The MUST project explores our options for counteracting biodiversity loss in urban areas and improve the wellbeing of all creatures living in our cities. One of our main interests is our relations to other species, and how reframing them may open up for more biodiversity-inclusive decision making.

Sometimes other species are directly involved in shaping our shared spaces – if you have tried to eat ice cream outdoors in a seaside city you will know – but the spaces where we make decisions about our joint future are almost always closed to them.

Can we humans make more space for the perspectives and needs of non-human beings in urban governance?

Actually, yes. We can speak on behalf of others – a well-established if not unproblematic tradition of biased representation – or we can mediate, amplify, or make more legible the agency of others, or we can make space for nature to govern itself.

It usually takes a human to engage with human processes, and to be present more thoroughly in the ongoing negotiations of cohabitation the other-than-humans need people to speak to other humans on behalf of them. Advocates of nature conservation take this role, but also many other people in some way speak on behalf of nature, animals, or urban ecosystems. However, this representation does not mirror the diversity of urban inhabitants – it tends to be biased toward charismatic animals or aesthetically pleasing plants – but it has established platforms and structures for making space for others in our human-centric visions of what cities can be.

Sometimes agency lies in visibility – sometimes in the absence of it. We draw some organisms near to be able to enjoy their company – we put out feed and nest boxes for birds, and we install beehives and bee hotels. Attention, lived experience and active stewardship can be seen not as talking on behalf of others, but acting on behalf of others. This extends also to the ways artists, park managers, pedagogues, and many others try to help other people see meaning and value in sharing the city with other species.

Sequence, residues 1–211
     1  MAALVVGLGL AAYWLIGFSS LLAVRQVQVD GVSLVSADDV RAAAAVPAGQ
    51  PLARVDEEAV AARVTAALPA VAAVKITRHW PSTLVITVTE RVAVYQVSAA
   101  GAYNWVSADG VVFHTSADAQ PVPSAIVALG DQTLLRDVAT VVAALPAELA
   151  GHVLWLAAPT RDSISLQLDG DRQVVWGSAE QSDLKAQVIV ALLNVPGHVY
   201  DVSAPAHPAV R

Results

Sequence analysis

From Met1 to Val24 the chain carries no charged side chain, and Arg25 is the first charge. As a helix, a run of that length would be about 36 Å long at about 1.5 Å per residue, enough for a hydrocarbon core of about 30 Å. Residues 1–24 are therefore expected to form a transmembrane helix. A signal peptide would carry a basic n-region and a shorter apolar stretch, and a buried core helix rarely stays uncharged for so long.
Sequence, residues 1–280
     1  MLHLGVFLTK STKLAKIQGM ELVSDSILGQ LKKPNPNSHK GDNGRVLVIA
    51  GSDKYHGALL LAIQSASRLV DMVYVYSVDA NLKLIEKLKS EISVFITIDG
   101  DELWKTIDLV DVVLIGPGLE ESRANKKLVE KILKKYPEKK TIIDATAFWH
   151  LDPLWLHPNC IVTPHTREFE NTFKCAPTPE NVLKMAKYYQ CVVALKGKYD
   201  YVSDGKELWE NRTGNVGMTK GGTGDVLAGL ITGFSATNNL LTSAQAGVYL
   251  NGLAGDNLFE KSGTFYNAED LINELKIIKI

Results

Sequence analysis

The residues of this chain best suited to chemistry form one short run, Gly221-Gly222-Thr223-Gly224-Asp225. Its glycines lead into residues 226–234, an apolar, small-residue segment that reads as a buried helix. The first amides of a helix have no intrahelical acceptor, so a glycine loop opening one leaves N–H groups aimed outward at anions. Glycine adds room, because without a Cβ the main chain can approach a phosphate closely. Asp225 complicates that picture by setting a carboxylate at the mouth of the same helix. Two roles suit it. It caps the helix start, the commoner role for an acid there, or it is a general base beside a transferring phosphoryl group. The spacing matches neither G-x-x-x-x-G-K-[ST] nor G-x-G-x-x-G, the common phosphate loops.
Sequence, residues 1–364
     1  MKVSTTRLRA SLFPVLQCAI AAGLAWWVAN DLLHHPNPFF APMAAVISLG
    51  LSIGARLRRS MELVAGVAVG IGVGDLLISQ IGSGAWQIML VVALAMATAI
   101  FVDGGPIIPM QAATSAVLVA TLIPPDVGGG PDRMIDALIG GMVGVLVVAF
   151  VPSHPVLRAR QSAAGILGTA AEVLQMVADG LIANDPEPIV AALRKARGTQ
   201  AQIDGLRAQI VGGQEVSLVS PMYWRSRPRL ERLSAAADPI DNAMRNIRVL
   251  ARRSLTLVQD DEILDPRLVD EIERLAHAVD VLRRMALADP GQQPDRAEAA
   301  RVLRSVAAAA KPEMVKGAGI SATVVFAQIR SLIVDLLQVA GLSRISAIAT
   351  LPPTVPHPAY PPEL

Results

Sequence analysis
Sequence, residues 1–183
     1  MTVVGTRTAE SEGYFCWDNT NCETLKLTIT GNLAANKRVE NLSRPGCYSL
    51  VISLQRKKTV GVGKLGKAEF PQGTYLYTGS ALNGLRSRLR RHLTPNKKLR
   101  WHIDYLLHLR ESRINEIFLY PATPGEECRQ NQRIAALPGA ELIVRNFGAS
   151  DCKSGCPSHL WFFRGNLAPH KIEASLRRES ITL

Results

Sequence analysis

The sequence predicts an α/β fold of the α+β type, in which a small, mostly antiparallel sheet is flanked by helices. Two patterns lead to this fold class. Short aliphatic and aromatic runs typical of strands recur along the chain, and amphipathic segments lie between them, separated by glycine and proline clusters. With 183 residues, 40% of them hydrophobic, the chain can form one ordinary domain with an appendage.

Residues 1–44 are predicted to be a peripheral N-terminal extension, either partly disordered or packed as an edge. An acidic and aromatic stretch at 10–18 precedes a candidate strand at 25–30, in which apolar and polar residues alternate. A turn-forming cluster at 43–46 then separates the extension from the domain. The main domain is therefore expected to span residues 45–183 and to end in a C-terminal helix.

But then there are the species that humans do not want to share space with. For example, we have made invasive species ‘illegal’, making it obligatory by law to remove them. Cities are taking action by harvesting garden lupine, hogweed and other plants and arranging events where participants pick and ‘destroy’ Spanish slugs (although using the most ethical ways – slicing in half, crushing, burning, boiling them to death).

Less attention has been paid to more comprehensive discussions of other species’ lived circumstances and their roles in local ecosystems. Active stewardship – people acting more like considerate gardeners in our environments – may help restore ecosystems in ways that maintain the balance between different species and enable thriving, evolving communities. Stewardship has long been a more than human affair; others help graze, browse, dabble, or sow. For example, a Duck Squad – ducks as natural enemies of snails – roaming around the neighbourhood could limit the ‘damage’ caused by Spanish slugs, gastropods and other species living on the surface of the soil.

Finally, there is wilding. Present in the lawn-turned-meadow, the forest garden or the ‘abandoned’ brownfield, we see an increasing trend in terms of making space for nature to govern itself. We humans have a history of trying to control our surroundings. While in part it has allowed us to flourish in relatively safe environments it has also made us poorly equipped to deal with variability and uncertainty, something we will see more of as the world continues to change. Wilding green spaces in cities will not solve this problem, but it may help us think differently in terms of how we try to govern our environment.

From the perspective of multispecies justice, these existing approaches have their constraints. They tend to be controlled by humans, usually far removed from recognising and fairly representing multi-species agency and blunt in their assessment of benefits and harms. How do we move from these conventional approaches to biodiversity conservation and nature-based solutions? What kind of shifts in perspectives, working cultures and decision-making processes would this require?

Cross-sectoral nature-inclusive governance will be a matter of overcoming and working across differences (embracing dialogue and shared future with new audiences), both within human governance and in local ecosystems. Our work in MUST is about exploring just what these solutions could be.


Valtteri Aaltonen & Erik Andersson, University of Helsinki